This past weekend we took a quick trip east to visit the city of Dresden and Sächsische Schweiz. We were only gone for one night, but we saw and did a lot and had a great time!
Friday night we celebrated our -1 year anniversary (we’re getting married on October 12th next year) with a very American night- cheeseburgers, buffalo wings and cake! The next morning we got up bright and early to catch a bus to Dresden. We hit some unexpected traffic and ended up detouring through the suburbs of Berlin for awhile, but the trip is only two hours, so the extra time didn’t put too much of a dent in our plans.
Once we arrived we headed directly to the Frauenkirche. The beautiful church was completely destroyed, along with most of Dresden, during Allied bombing raids in the Second World War. It was originally built in the 18th century and when it was reconstructed in the 1990s and early 2000s the original plans first created in the 1720’s were once again used. The church is suppose to be an exact replica of it’s former glory. It’s gorgeous outside and even more beautiful inside. The colors inside are unique pastel hues and the balconies are beautifully curved. The reconstruction work is pretty amazing and it was especially cool to see the old stones salved from the ruins- in the picture below you’ll see that it’s pretty obvious to identify the stones.
Frauenkirche in the year 1880
Frauenkirche in the year 1945
Frauenkirche in October 2012
After visiting the Frauenkirche we grabbed some lunch and then spent the rest of the afternoon and evening just walking around Dresden and visiting the different districts. Though we didn’t venture into the Green Vault (home to the largest collection of “treasures” in Europe) we did walk around the grounds and both agreed it was the prettiest spot in the city.
Following hours of walking and taking in the sites we decided to head up to the Gothic Quarter for dinner. As usual we walked around looking at thousands of places before actually making a decision. Unfortunately the place we chose (Wenzel Prager- a Bohemian style beer hall) was packed with no tables available. We opted for our second choice- a yummy Thai/Vietnamese restaurant. And luckily as we passed Wenzel Prager on our way back to the hotel we saw that it had cleared out a bit and were able to pop in to taste the beer sampler. So basically everything worked out great:)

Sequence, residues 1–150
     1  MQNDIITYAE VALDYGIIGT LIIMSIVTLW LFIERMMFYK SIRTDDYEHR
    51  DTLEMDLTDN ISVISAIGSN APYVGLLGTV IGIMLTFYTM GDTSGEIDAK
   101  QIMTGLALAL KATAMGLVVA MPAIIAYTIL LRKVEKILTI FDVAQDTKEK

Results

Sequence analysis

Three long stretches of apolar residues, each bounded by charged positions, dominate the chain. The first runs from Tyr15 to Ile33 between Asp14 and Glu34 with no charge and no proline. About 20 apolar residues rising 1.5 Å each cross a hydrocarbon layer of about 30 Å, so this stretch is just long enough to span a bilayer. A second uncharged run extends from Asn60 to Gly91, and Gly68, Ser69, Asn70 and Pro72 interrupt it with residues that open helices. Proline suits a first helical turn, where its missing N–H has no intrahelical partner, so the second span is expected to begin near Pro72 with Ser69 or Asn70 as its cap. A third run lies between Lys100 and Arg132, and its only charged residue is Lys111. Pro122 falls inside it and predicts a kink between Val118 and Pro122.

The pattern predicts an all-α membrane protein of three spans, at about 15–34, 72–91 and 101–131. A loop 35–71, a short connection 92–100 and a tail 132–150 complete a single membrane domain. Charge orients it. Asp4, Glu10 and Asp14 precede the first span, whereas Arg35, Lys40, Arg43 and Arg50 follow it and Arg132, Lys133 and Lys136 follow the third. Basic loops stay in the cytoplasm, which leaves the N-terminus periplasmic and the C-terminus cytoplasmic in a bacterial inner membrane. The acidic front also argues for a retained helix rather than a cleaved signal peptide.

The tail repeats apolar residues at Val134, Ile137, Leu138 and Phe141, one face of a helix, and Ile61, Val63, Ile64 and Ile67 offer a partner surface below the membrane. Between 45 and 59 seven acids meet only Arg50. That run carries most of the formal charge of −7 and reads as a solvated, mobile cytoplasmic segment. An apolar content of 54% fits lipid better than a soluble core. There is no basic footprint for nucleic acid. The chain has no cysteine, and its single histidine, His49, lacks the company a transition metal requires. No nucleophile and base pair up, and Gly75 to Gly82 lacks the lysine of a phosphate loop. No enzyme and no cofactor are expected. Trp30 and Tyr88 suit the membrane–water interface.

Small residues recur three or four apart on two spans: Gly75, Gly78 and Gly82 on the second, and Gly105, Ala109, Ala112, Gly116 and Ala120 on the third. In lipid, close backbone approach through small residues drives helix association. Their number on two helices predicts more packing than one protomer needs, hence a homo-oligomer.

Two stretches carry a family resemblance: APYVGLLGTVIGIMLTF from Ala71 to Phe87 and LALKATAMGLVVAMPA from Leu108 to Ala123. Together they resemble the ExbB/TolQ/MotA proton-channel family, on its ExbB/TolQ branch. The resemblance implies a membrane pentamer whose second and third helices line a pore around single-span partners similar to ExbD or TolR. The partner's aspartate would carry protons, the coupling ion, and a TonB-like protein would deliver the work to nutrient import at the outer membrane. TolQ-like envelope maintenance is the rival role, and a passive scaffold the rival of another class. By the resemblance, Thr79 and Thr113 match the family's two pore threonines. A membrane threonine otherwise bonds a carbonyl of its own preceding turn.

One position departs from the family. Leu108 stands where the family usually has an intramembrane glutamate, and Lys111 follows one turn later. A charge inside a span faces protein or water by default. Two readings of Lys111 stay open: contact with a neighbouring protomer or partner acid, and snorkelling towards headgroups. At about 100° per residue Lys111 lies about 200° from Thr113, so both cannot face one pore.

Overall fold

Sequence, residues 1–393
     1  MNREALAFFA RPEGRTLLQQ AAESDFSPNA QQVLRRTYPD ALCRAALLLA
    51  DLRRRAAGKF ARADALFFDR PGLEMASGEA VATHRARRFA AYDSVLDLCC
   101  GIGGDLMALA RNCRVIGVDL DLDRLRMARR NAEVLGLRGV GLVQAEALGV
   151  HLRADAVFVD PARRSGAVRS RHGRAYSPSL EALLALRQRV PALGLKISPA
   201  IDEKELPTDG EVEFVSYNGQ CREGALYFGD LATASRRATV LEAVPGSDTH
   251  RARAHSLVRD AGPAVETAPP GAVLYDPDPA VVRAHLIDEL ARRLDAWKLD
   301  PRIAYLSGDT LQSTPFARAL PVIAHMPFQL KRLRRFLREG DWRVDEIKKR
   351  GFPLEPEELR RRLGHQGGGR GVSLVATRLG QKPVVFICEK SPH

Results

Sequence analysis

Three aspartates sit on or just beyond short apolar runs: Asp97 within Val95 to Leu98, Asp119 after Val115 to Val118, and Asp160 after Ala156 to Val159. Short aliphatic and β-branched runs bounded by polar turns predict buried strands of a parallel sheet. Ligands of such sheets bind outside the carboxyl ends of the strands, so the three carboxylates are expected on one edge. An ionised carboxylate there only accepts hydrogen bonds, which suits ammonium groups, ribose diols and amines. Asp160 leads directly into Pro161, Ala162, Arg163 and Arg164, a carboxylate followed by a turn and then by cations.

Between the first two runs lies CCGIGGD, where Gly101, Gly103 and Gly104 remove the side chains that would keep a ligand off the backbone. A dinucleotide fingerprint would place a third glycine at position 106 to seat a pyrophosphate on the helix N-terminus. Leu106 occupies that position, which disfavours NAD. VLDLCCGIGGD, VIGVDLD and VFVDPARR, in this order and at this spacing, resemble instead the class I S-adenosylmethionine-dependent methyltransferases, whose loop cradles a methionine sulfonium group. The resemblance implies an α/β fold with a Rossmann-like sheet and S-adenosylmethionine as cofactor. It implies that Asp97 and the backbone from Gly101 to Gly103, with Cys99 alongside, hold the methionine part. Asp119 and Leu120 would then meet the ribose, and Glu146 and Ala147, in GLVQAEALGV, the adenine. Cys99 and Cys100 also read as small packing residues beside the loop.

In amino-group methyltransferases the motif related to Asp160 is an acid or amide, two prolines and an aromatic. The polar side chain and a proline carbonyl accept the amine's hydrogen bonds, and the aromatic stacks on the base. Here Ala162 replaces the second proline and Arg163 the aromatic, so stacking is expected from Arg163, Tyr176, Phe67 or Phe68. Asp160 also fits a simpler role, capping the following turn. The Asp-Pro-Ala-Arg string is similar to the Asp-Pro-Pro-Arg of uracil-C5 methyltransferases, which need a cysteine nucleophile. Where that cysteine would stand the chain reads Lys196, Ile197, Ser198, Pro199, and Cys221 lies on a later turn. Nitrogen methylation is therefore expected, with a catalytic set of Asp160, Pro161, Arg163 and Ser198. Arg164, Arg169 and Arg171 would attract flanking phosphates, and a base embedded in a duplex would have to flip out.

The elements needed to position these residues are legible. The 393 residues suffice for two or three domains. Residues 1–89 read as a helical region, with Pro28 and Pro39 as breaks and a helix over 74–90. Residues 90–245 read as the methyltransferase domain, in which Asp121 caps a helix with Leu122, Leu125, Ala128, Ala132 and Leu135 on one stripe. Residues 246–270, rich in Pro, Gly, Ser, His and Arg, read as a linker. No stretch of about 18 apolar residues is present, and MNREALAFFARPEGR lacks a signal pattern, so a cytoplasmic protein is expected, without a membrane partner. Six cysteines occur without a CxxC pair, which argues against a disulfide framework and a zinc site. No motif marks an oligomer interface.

The next morning we woke up early, ate a delicious European style breakfast at the hotel and headed down to the train station to hop a train to Sächsische Schweiz (the Switzerland of Saxony), one of Germany’s beautiful National Parks, for a day of hiking and outdoor fun. Our first stop was the town of Rathen and our hike up to the Bastei Bridge. To reach the bridge you hike along the famous “Malerweg”, German for painter’s way. The area and the bridge are known for being the subject of many paintings over the years, most notably by German artist, Caspar David Friedrich. The trail was pretty chock full of people, but the weather was perfect and as we reached the top the sun finally broke through the morning clouds. Along the hike we were provided with various scenic viewpoints of the Elbe River, the valley and Sächsische Schweiz.
After our hike up to Bastei we hopped back on the train and headed a little further east to Bad Schandau. Another ferry ride down the river and we were in the heart of the gorgeous resort town. We walked through the town up to the Kirnitzschtalbahn- a tram established in 1898 to ease the travel for visitors to the national park. The tram was old and loud, but enabled us to see more of the park and make it up to the Lichtenhain Waterfall. We were warned from the outset that the waterfall was less than impressive, but were surprised by the effort the park had taken to spruce it up. Next to the waterfall is a restaurant/mini-biergarten and as we were enjoying a couple Weißbiers dramatic music began to play and a hoard of tourists rushed to the base of the viewing area. A few seconds later massive amounts of water came down from the falls creating quite a production. We were pretty much cracking up at the corniness of the exhibit, but that could also have had to do with the 1/2 liter beers on pretty much empty stomachs. Even though it was corny it was still a lot of fun. After our beers and a slice of Apfel Kuchen we headed back to the tram to the ferry and started our trek home.